The Board finds that the evidence regarding the Veteran’s unemployability due to service connected disability is in relative equipoise. Accordingly, the Board will afford him the benefit of the doubt and grant his claim.
“Substantially gainful employment” is that employment which is ordinarily followed by the nondisabled to earn their livelihood with earnings common to the particular occupation in the community where the veteran resides. Moore v. Derwinski, 1 Vet. App. 356, 358 (1991). Further, in evaluating a veteran’s employability, consideration may be given to his level of education, special training, and previous work experience in arriving at a conclusion, but not to his age or impairment caused by non-service-connected disabilities. 38 C.F.R. §§ 3.341, 4.16, 4.19.
The Veteran is currently service connected for post-traumatic stress disorder (PTSD) at 70 percent, effective September 12, 2012. Service-connection has also been established for xerosis (rated as 30 percent disabling), tinnitus (rated as 10 percent disabling), and bilateral hearing loss disability (rated as noncompensable). He has maintained an overall disability rating of 80 percent since September 12, 2012.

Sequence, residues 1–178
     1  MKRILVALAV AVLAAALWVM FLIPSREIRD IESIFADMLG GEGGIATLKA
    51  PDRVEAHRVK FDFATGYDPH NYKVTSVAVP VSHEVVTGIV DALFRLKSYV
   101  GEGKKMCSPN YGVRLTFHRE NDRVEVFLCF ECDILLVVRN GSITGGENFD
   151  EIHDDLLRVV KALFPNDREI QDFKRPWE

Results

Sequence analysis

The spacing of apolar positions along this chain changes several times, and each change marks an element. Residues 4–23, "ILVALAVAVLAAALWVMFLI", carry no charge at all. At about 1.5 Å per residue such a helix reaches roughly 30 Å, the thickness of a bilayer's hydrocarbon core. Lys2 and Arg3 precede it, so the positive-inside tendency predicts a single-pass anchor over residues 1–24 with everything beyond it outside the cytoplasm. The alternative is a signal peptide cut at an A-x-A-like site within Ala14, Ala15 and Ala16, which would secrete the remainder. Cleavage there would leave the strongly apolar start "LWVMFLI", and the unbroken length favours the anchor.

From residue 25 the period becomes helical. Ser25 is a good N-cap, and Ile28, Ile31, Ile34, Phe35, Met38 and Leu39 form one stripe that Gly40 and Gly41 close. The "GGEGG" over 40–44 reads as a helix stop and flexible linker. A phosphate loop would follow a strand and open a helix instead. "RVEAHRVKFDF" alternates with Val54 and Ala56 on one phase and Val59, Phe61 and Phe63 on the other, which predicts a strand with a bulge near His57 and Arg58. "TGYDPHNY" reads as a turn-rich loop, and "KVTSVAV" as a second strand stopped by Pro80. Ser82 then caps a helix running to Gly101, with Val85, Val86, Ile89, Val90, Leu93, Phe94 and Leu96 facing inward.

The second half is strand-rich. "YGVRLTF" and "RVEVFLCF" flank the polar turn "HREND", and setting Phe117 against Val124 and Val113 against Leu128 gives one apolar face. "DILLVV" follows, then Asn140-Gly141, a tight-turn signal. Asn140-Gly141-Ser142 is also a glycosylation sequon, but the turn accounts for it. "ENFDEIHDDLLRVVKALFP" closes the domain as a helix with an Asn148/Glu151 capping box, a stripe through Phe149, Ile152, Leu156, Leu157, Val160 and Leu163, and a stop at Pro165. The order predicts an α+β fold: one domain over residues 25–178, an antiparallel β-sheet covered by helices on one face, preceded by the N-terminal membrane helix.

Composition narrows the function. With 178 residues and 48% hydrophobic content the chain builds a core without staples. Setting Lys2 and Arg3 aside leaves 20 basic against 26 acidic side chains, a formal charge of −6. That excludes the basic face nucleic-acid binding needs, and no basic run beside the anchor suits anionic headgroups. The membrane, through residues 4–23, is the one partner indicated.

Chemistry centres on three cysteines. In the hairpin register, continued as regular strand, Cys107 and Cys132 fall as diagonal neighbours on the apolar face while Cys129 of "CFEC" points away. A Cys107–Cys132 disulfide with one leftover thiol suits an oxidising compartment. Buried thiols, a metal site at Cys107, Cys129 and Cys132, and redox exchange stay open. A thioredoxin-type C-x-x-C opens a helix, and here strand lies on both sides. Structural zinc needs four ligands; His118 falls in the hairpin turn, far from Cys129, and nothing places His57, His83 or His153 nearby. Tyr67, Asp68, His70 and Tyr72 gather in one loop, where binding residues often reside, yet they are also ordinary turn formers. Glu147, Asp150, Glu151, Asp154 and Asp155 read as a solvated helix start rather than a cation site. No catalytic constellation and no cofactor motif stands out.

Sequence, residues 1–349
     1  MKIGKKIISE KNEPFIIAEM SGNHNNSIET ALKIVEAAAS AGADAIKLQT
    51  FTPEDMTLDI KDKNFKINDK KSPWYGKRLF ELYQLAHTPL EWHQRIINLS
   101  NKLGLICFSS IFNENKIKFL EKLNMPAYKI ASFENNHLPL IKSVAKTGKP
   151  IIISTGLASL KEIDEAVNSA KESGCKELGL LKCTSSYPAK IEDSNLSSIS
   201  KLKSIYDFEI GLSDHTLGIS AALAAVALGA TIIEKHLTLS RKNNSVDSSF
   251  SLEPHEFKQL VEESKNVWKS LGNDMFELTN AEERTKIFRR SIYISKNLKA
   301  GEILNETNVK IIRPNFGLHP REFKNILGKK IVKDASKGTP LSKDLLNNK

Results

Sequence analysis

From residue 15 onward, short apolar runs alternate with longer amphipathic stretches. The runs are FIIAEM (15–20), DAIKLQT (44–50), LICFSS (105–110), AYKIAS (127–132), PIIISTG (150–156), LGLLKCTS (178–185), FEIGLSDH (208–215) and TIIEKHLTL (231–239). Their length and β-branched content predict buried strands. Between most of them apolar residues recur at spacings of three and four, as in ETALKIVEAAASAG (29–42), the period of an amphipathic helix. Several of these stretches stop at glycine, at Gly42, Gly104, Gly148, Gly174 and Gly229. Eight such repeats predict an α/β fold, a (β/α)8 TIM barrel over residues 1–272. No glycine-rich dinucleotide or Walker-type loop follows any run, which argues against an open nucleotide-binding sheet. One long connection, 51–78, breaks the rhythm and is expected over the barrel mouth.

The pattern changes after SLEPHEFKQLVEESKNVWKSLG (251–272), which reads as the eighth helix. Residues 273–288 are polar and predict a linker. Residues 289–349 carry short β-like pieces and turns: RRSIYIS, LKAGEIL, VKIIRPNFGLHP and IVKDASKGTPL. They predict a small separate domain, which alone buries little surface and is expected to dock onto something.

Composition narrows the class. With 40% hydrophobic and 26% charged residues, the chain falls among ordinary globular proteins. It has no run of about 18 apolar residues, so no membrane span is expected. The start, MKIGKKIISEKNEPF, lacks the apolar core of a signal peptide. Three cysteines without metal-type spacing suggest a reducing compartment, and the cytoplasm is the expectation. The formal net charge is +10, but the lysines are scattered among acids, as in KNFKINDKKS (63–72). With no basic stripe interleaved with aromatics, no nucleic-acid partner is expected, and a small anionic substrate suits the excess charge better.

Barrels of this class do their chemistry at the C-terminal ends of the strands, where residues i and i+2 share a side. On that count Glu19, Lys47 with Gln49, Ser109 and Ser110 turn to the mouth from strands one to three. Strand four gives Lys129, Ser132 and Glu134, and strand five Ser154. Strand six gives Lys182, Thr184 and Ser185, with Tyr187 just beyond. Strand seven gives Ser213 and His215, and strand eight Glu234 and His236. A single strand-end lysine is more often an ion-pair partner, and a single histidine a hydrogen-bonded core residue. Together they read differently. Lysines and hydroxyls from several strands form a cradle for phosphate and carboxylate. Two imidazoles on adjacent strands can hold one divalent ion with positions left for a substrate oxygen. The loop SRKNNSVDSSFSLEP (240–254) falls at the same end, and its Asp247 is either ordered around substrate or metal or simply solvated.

The record reflects that the Veteran is a high school graduate with two years of college training. See December 2016 VA 21-8940. The evidence within the claims file reflects that the Veteran’s education, training, and experience has equipped him only for work positions that are now precluded by his service-connected PTSD and hearing disabilities. The evidence addressed below supports the conclusion that the Veteran would require a position where he does not have to work with the public, or interact with co-workers and supervision. Affording the Veteran the benefit of the doubt, the Board finds that the combined limitations placed upon any employment situation make it difficult, if not impossible, for the Veteran to secure and maintain substantially gainful employment.
While no health care provider has expressly stated that the Veteran is unemployable as a result of his service connected disability. Review of the record suggests that it is unlikely that the Veteran would be able to obtain and maintain gainful employment due to the severity of his service-connected disabilities. After a thirty-year career, PTSD symptoms (e.g., anxiety) led the Veteran to an early retirement from a career as a maintenance supervisor in the pharmaceutical industry. See December 2012 VA Examination Report. The Veteran worked on large machines with high voltages and elevated locations. See October 2012 Statement from Wife. The evidence also reflects that, at the time of retirement, the Veteran’s PTSD symptoms made it difficult to “concentrat(e) at work, or on almost anything.” See October 2012 VA 21-4138 from Senior Pastor.